## Sunday, 8 July 2012

### Basic HLSL Lighting Techniques - Episode 6: Environment Maps - Reflection & Refraction

Having played about with the NVIDIA Glass shader and my own (old) attempts at glass I have come up with this post

Refraction
Refraction is the light passing through an object but as they do so they bend. This is the effect we will get with this effect. Luckily HLSL has an intrinsic refraction function (refract) that we can use to get this effect. To get the refracted vector we need to calculate the direction of the viewer in relation to the surface and pass that with the surfaces normal to the refract function along with the degree of refraction we want.

So we need to pass in a world view projection and a world matrix as well as the camera position, oh and for the hell of it a tint for colour.

float4x4 wvp : WorldViewProjection;
float4x4 world : World;

float3 EyePosition : CAMERAPOSITION;
float4 tint = float4(1,1,1,1);And the structures look like this

struct VS_IN
{
float4 Position : POSITION;
float3 Normal : NORMAL;
};
struct VS_OUT
{
float4 Position : POSITION;
float3 Refract: TEXCOORD1;
};
struct PS_OUT
{
float4 Color : COLOR;
};

We also need to pass in the Environment Map we are going to use to make the refraction and include a function to make reading it a little simpler

texture cubeMap;
samplerCUBE CubeMap = sampler_state
{
texture = <cubeMap> ;
};

float4 CubeMapLookup(float3 CubeTexcoord)
{
return texCUBE(CubeMap, CubeTexcoord);
}

So now we have the bits we need to do the job we need a vertex shader to calculate our position and refraction value. In the NVIDIA shader this was done in the pixel shader, but I figured this may give some performance boost, but doing this means that I have had to make sacrifices (not literal ones) later on.

VS_OUT VS_Refraction(VS_IN input)
{
VS_OUT output = (VS_OUT)0;

output.Position = mul(input.Position,wvp);

float3 Normal = mul(normalize(input.Normal), world);
float3 PosWorldr = (mul(input.Position, world));
float3 ViewDir = normalize(PosWorldr - EyePosition);

output.Refract = refract(ViewDir, Normal, .99);

return output;
}

Now all we need to do is get the correct colour from the environment map

PS_OUT PS_Refraction(VS_OUT input)
{
PS_OUT output = (PS_OUT)0;

output.Color = CubeMapLookup(input.Refract) * tint;

return output;
}

And we get an effect like this

A bit hard to see, click the picture for a bigger version.

Reflection

And so onto reflection, again HLSL has another function we can use, reflect, and again we need to pass a view direction (incident vector) and the surface normal.

The shaders parameters are the same as before, the only change is to the structures, and all that is changing is the name of the parameters

struct VS_OUT
{
float4 Position : POSITION;
float3 Reflect: TEXCOORD0;
};

Again a small change in the vertex shader to populate the Reflect parameter with the result of the intrinsic reflect method

output.Reflect = reflect(ViewDirection, Normal);

Then as before, we get the colour from the environment map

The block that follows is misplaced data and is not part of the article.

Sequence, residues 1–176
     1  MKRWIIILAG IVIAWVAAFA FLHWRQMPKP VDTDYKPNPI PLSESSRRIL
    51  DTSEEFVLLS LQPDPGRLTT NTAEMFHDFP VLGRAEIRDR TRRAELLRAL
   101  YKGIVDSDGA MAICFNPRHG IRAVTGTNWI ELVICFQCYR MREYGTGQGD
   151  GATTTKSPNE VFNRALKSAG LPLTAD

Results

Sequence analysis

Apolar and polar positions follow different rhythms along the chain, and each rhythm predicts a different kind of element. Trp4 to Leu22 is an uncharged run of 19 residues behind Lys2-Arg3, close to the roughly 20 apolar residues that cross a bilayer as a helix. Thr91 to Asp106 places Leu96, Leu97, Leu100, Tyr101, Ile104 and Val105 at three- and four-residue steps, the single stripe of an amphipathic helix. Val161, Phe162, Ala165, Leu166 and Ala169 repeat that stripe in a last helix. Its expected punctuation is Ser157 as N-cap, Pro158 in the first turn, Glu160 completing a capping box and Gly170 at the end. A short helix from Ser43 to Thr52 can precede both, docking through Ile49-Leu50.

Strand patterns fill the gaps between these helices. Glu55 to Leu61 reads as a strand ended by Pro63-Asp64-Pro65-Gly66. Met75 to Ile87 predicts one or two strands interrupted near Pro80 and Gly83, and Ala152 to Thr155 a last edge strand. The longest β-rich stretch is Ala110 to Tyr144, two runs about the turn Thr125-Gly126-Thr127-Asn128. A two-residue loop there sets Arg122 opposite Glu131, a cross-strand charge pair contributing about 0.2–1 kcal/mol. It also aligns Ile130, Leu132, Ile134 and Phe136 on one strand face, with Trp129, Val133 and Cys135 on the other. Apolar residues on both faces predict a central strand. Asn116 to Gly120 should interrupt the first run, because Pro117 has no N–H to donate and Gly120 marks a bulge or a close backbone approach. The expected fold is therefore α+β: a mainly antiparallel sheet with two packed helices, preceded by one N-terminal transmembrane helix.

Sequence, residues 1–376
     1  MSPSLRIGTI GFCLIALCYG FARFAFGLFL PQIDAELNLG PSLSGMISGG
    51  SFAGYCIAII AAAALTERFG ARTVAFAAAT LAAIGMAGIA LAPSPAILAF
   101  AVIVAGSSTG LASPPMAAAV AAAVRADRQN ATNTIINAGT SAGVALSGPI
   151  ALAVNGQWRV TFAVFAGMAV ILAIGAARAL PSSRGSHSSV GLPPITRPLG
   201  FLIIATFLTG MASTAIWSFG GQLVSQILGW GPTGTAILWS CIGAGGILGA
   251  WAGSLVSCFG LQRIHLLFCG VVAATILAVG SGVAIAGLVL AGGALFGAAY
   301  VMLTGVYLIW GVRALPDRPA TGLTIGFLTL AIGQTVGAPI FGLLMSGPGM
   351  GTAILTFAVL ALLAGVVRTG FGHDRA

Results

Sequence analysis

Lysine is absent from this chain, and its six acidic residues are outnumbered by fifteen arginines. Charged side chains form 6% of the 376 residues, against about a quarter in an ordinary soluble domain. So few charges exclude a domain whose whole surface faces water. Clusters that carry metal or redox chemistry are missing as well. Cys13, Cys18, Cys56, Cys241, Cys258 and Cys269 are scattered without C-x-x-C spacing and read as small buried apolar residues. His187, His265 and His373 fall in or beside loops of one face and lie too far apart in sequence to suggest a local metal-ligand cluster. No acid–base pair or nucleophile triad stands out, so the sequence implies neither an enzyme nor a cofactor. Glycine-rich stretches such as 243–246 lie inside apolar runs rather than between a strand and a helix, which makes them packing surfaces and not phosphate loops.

output.Color = CubeMapLookup(input.Reflect) * tint;

And we then get this effect

So if we now combine the two effects we get a glass effect, not as nice as the NVIDIA one I grant you, but an effect none the less. Again we have to alter the the output structure

struct VS_OUT
{
float4 Position : POSITION;
float3 Reflect: TEXCOORD0;
float3 Refract: TEXCOORD1;
};

We populate both the parameters as before in the vertex shader

output.Reflect = reflect(ViewDirection, Normal);
output.Refract = refract(ViewDirection, Normal, 0.99);

And then in the pixel shader we get the colours from the environment map, I have taken the liberty of using the same method the NVIDIA shader did and used a lerp.

output.Color = lerp(CubeMapLookup(input.Refract),CubeMapLookup(input.Reflect),.5f) * tint;

And we get this

Now I kind of liked the prism effect you get with the NVIDIA Glass shader and thought I would add it here, so I have created a forth shader RC3DGlass shader.

So I added the RGB array and the refraction index for the RGB array (etas)

half3 etas = { 0.80, 0.82, 0.84 };

// wavelength colors
const half4 colors = {
{ 1, 0, 0, 0 },
{ 0, 1, 0, 0 },
{ 0, 0, 1, 0 },
};

As I mentioned before the view direction and surface normals are calculated in the vertex shader in my version and so I need the vertex shader to output an array of refraction values.

struct VS_OUT
{
half4 Position : POSITION;
half3 Reflect: TEXCOORD0;
half3 RefractRGB: TEXCOORD1;
};

Also I have replaced the in intrinsic refract method with the one in the NVIDIA shader so I can get the nice prism effect. So the vertex shader now looks like this

VS_OUT VS_Glass(VS_IN input)
{
VS_OUT output = (VS_OUT)0;

output.Position = mul(input.Position,wvp);

half3 Normal = mul(normalize(input.Normal), world);
half3 PosWorldr = (mul(input.Position, world));
half3 ViewDirection = normalize(PosWorldr - EyePosition);

output.Reflect = reflect(ViewDirection, Normal);

// transmission
bool fail = false;
for(int i=0; i<3; i++)
output.RefractRGB[i] = refract2(ViewDirection, Normal, etas[i]);

return output;
}

PS_OUT PS_Glass(VS_OUT input)
{
PS_OUT output = (PS_OUT)0;

half4 refract = half4(0,0,0,0);
for(int c=0;c<3;c++)
refract += CubeMapLookup(input.RefractRGB[c]) * colors[c];

output.Color = lerp(refract,CubeMapLookup(input.Reflect),.5) * tint;

return output;
}

As you can see I have had to put a loop in the vertex and the pixel shader which may well take away any perf boot I get from doing the calcs in the vertex shader this also means that the Fresnel term could not be applied, well I tried and could not get a decent effect when calculating in the VS, guess that's why NVIDIA did it in the PS lol

And we finally get this effect

Solution for this post can be down loaded here.